Welcome to the Winter 2014 edition of Pipelines, your eNewsletter from CPSA.
In the Spring 2013 edition of Pipelines we discussed the introduction of a new National Standard for sustainable drainage (SuDS). It was expected to come into force in April 2014. Well, that didn’t happen – and we are still waiting! In the intervening period, the bank of knowledge and reference material has grown, through excellent sources such as Susdrain. Some important changes have taken place, not least the launch of a new consultation on SuDS by DEFRA and DCLG. See below for more information on the proposed changes and what it may mean for SuDS.
Also in this issue, a reminder of the considerations for air testing newly constructed sewer pipelines, including a video providing helpful, practical guidance.
We have also included a link to the full CPSA video library. There’s a wealth of useful and interesting information in there.
If you are up to speed with social media, CPSA is well served on numerous platforms and we also have a blog, so why not get connected?
And don’t forget, we have a number of free CPD seminars to keep your professional development up to date, independently accredited by CIWEM and Construction CPD Certification Service. These are available to book at your office or other suitable location.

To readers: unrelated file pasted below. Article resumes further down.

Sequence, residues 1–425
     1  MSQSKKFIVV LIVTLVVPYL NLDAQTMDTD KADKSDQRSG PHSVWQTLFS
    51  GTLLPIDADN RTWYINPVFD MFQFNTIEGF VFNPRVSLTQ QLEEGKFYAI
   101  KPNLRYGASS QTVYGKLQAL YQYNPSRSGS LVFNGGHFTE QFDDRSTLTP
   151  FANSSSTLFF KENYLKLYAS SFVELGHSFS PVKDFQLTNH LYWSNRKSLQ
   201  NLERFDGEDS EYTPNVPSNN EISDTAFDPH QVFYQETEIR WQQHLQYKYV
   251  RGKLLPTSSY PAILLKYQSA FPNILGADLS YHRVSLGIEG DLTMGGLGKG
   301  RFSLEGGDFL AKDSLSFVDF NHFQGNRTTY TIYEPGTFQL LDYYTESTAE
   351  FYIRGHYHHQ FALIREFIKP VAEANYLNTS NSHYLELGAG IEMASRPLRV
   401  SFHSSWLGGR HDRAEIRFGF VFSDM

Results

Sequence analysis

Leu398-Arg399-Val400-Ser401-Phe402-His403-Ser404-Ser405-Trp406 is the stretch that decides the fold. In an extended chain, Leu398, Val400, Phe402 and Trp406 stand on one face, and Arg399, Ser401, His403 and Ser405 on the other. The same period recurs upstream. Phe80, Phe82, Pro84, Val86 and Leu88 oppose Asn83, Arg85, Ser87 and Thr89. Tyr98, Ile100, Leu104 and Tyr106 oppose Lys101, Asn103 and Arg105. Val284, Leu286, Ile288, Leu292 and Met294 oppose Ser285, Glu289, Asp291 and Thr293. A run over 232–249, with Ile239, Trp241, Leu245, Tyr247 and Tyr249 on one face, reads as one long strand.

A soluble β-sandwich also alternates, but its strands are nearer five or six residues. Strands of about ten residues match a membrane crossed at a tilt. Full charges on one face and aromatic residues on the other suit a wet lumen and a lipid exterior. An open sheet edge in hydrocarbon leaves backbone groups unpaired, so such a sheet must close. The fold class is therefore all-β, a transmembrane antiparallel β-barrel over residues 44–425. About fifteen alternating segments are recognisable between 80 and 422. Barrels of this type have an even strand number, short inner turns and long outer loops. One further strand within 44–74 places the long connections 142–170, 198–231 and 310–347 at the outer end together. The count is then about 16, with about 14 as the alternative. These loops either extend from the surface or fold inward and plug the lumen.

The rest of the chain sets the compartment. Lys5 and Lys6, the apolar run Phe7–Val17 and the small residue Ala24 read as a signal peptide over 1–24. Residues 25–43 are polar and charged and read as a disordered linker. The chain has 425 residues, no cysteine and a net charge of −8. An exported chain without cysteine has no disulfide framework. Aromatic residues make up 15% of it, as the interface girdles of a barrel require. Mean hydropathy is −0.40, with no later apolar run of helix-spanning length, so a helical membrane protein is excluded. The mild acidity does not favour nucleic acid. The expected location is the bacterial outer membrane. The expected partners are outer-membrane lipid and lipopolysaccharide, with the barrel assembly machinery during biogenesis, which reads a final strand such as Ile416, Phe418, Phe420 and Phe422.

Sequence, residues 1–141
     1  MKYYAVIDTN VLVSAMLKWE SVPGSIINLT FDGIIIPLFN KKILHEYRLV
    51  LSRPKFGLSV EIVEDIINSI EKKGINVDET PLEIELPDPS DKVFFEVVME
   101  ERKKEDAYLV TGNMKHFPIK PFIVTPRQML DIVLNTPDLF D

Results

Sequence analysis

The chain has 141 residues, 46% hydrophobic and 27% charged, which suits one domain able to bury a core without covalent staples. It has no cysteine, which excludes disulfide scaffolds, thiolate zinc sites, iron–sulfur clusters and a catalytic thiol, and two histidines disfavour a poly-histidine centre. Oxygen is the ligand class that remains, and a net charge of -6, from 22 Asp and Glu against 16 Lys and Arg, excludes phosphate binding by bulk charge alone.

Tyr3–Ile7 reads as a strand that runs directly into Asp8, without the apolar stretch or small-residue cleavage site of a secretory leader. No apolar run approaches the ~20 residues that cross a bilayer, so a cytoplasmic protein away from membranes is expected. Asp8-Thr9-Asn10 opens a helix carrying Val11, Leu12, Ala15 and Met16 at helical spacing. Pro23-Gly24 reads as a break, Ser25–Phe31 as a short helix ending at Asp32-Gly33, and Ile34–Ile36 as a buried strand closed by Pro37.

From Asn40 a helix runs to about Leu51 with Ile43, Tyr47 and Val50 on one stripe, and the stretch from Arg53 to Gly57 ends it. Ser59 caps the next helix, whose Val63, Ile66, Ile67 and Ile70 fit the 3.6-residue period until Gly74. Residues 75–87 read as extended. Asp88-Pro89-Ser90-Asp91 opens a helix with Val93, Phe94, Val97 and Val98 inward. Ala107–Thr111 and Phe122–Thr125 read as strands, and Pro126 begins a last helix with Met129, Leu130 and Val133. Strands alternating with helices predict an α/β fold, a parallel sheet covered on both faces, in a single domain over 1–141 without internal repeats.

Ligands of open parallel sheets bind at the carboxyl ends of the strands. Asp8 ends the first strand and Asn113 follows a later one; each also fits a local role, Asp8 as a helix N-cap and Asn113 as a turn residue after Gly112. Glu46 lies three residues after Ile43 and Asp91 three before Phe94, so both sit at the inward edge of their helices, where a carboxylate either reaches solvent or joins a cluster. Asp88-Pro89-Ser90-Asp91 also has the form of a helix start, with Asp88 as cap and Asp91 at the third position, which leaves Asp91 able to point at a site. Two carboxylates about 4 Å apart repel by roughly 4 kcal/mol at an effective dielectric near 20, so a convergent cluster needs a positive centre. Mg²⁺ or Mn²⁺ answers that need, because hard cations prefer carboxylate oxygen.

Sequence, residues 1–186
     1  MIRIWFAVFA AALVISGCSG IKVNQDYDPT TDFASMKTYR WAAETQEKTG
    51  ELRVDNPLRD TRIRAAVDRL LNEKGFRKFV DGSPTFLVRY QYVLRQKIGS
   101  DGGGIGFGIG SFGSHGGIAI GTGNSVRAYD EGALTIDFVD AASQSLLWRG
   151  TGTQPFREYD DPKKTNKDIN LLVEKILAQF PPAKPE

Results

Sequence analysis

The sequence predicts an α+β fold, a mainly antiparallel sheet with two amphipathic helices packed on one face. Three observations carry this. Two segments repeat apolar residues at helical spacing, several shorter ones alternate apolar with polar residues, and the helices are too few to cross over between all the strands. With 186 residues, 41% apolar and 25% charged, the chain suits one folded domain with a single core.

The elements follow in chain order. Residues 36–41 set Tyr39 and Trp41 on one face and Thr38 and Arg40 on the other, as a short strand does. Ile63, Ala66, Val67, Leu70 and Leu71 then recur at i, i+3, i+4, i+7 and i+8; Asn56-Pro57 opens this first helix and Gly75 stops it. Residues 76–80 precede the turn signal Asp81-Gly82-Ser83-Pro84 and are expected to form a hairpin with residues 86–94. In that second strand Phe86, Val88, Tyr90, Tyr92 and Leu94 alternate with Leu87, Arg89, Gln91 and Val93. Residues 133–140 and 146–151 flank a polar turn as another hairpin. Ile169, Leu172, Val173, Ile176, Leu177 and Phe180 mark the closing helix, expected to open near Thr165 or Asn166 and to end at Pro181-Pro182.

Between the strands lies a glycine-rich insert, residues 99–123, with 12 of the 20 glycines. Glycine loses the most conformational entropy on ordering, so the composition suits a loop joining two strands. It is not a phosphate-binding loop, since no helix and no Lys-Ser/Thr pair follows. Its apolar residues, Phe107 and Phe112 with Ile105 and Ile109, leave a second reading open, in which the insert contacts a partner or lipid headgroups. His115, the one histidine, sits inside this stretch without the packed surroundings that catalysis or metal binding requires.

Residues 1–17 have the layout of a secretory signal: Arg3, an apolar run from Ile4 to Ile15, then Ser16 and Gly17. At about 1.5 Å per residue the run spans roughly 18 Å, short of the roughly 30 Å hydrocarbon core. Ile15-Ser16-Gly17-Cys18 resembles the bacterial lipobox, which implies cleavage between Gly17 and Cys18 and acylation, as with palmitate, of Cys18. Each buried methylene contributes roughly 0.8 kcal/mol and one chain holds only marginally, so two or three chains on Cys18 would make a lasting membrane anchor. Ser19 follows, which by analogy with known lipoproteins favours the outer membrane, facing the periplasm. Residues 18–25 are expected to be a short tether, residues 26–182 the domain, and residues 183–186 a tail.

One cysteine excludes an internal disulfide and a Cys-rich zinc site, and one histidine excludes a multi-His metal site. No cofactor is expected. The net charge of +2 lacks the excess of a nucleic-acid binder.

Stuart Crisp, Director, Concrete Pipeline Systems Association
We’re delighted to announce we are a Susdrain Supporter
CPSA has joined an impressive cross-sector group of organisations dedicated to supporting the www.susdrain.org initiative, further demonstrating growing industry support for widespread delivery of Sustainable Drainage Systems (SuDS).
Over the next two years, it is anticipated that there will be a significant increase and improvement in the delivery of SuDS, with positive change driven by new guidance and the potential implementation of National Standards for Sustainable Drainage.
Susdrain will help support improvements in SuDS delivery through a range of initiatives including new resources, summaries of the latest guidance, case studies and a series of topical SuDS events.
CPSA is one of 29 organisations including Defra, the Environment Agency and other key industry players involved in the project from September 2014.